Low Pay Britain 2018

Published on Jobs, Skills and Pay

Since 2011, the Resolution Foundation has published an annual review. This year’s report – the eighth edition of Low Pay Britain, based on pay data from April 2017 – documents the headline trends shaping the low-paid end of the labour market today and highlights the new challenges policymakers should be addressing.

The report identifies three key challenges that those concerned with low pay should be getting to grips with:

  • Progression: While ‘shop floor to top floor’ stories are often highlighted for sales assistants in retail, the report finds that just 4 per cent of sales assistants had moved on and up to become supervisors or managers in the same sector five years later. Only one in ten managers had been sales assistants five years earlier.
  • Power: When a small number of firms dominate in a sector or area, this can lead to lower wages or worse terms and conditions as employees have little choice over who to work for. This problem is most acute for low paid workers in the UK. Though comprising a tiny proportion of all firms, companies with 5,000 or more workers employ 28 per cent of all low-paid people. Nearly one in six (16 per cent) low-paid employees work for just 20 firms, a much higher proportion than for high-paid employees (9 per cent).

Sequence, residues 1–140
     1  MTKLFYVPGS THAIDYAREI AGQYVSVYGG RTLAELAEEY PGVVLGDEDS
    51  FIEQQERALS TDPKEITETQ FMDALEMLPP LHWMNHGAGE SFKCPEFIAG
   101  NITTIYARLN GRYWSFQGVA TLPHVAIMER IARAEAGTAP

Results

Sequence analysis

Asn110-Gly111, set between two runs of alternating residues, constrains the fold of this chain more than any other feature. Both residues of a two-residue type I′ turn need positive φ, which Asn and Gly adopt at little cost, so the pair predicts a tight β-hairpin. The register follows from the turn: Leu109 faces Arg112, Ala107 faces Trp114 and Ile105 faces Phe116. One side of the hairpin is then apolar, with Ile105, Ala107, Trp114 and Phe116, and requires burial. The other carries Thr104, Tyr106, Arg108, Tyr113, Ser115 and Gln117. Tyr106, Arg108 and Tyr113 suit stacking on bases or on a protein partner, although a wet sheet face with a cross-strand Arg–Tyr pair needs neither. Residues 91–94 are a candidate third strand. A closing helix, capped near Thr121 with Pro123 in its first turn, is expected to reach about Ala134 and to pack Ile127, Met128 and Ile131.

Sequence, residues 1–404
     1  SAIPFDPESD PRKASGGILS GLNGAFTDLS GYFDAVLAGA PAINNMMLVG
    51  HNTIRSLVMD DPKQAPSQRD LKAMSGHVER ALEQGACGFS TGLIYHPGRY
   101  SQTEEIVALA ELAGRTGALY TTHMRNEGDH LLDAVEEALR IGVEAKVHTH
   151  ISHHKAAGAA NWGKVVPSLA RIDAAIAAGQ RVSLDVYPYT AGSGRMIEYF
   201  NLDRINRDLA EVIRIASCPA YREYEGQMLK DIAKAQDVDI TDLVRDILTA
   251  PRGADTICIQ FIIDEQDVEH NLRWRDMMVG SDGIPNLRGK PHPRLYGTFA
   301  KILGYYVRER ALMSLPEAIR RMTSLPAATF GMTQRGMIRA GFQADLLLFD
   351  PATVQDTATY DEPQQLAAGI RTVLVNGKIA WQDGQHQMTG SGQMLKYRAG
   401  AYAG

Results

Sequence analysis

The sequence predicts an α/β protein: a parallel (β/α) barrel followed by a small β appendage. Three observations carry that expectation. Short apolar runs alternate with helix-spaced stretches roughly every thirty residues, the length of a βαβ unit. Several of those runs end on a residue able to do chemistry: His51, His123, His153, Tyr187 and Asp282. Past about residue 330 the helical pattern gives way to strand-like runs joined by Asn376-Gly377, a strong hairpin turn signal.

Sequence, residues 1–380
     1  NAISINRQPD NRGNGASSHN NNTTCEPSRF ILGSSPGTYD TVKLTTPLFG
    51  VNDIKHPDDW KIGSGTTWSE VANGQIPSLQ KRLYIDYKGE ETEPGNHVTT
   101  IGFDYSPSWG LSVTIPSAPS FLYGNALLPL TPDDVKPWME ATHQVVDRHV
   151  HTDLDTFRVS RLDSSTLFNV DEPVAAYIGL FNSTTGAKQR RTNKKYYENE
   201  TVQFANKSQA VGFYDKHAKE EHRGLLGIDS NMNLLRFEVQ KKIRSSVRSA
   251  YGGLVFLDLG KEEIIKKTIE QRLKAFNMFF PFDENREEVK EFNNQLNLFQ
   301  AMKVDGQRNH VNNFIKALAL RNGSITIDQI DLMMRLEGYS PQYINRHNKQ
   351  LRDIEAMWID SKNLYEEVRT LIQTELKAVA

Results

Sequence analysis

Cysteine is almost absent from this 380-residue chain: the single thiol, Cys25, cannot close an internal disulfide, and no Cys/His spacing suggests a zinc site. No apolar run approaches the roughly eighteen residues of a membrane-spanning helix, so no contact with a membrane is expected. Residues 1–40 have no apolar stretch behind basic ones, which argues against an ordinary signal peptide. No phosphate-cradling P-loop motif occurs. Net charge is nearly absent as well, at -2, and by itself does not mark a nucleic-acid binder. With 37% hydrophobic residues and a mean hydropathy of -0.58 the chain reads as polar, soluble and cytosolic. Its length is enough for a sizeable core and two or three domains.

• Gender pay gap: 22 per cent of women are low-paid, compared to 14 per cent of men. Women are less likely to progress out of low pay, are more likely to switch into other low-paying jobs when they do move, and are more concentrated in a handful of large firms than low-paid men.

 

  • The National Living Wage led to another drop in low pay in 2017, with 18 per cent of employees earning less than two-thirds of the median hourly wage, equivalent to 4.9 million people.
  • This pattern of declining numbers in low pay is set to continue up to 2020. But even at that point, when the National Living Wage is fully implemented, approximately 4 million people will still be low-
  • More than one in five workers (22 per cent) were paid less than the voluntary Living Wage in 2017, with 7 per cent of employees paid at the wage floor.